COsegregation of VARiants in the BRCA1/2 and PALB2 Genes (COVAR)
|The safety and scientific validity of this study is the responsibility of the study sponsor and investigators. Listing a study does not mean it has been evaluated by the U.S. Federal Government. Know the risks and potential benefits of clinical studies and talk to your health care provider before participating. Read our disclaimer for details.|
|ClinicalTrials.gov Identifier: NCT01689584|
Recruitment Status : Recruiting
First Posted : September 21, 2012
Last Update Posted : January 11, 2018
|Condition or disease||Intervention/treatment||Phase|
|Genes, BRCA1 Genes, BRCA2 Ovarian Neoplasms Breast Neoplasms Genes, PALB2||Genetic: salivary kit||Not Applicable|
The BRCA1 and BRCA2 genes are the two major high-risk breast and/or ovarian cancer susceptibility genes. Monoallelic germline mutations that disrupt their normal gene function significantly increase the risk of developing cancer in carriers. The identification of a causal mutation in a proband allows proposing pre-symptomatic testing for the causal mutation to all at-risk relatives. Currently, a causal mutation, used for genetic counseling, is presented in approximatively 13% of families tested. Variants of unknown biological significance (VUS) are detected in more than 20% of proband tested. For the families of these probands, genetic testing could not be proposed to relatives and the genetic counseling is guided by family history and epidemiological knowledges exclusively.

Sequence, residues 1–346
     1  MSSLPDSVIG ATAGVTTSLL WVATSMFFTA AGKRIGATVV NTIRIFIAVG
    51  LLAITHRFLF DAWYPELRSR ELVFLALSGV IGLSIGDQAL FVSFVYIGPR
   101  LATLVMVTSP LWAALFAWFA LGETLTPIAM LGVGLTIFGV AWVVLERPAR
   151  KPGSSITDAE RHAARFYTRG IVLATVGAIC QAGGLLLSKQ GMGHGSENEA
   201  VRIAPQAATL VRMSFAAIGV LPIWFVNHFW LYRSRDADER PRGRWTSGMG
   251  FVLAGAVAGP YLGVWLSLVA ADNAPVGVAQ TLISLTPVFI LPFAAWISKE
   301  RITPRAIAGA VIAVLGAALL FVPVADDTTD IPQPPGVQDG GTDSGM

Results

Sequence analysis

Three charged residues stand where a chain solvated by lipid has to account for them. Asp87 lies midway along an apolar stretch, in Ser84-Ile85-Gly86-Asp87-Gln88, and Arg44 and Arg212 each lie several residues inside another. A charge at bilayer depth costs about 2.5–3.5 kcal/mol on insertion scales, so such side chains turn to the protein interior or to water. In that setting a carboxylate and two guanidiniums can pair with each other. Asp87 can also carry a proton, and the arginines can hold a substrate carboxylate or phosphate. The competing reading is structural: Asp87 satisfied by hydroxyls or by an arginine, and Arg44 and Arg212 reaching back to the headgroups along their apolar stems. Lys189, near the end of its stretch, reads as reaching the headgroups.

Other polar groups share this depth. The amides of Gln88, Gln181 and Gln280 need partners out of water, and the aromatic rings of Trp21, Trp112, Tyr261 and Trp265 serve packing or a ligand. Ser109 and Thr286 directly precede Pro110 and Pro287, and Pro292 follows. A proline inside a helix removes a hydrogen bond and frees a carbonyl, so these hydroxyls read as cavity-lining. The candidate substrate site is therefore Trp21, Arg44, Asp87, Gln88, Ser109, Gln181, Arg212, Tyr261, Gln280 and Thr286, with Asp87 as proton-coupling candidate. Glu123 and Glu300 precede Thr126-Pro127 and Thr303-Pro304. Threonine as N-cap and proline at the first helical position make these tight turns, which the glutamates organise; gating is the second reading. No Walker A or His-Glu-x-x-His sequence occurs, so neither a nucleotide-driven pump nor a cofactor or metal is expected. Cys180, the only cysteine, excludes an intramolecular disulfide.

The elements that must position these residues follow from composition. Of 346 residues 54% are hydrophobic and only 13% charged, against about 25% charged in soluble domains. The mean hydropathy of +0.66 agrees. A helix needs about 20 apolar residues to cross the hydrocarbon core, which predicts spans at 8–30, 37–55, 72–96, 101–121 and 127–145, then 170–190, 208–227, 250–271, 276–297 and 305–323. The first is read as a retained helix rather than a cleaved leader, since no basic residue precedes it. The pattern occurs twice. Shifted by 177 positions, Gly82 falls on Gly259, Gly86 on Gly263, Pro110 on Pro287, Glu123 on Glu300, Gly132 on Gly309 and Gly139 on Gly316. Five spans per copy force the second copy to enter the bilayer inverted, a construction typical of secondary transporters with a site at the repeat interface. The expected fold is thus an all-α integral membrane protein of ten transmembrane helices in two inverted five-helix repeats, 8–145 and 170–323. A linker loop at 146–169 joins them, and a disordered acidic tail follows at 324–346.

The French UMD-BRCA1/2 database, accredited by the French National Cancer Institute, collects anonymous results of genetic tests performed by authorized French laboratories since 1995, giving a real-time vision of families carrying the same VUS. In september 2011, the French UMD-BRCA1/2 database comprised 706 different variants in 1,300 BRCA1 families and 1,089 different variants in 2,101 BRCA2 families. One of the key measurable parameters for classification of VUS as causal mutations is their co-segregation with the disease. As the average size of French families is relatively small, the information of variant co-segregation limited to one family would not be significant. However, the compilation of co-segregation results obtained from several families will allow to obtain more precise and complete estimations of the probability of causality of a given variant.
For PALB2, the gene was discovered in 2006. This PALB2 gene has been identified as a predisposition factor to breast cancer by a candidate gene approach. In a first step, the protein encoded by this PALB2 gene (PArtner and Localizer of BRCA2) was identified by a co-immunoprecipitation approach of BRCA2 and its different partners (Foulkes et al., 2007; Rahman et al., 2007). Xia et al., 2006). The association studies showed that monoallelic inactivating variants were more common in women with breast cancer group compared to the control group. A large study of 362 cases in eight countries confirmed the position of PALB2 (Antoniou et al., 2014). The risk of ovarian cancer is likely but not yet proven. This gene has been used for diagnosis in France since July 2015. The data collection is ongoing and the database under construction.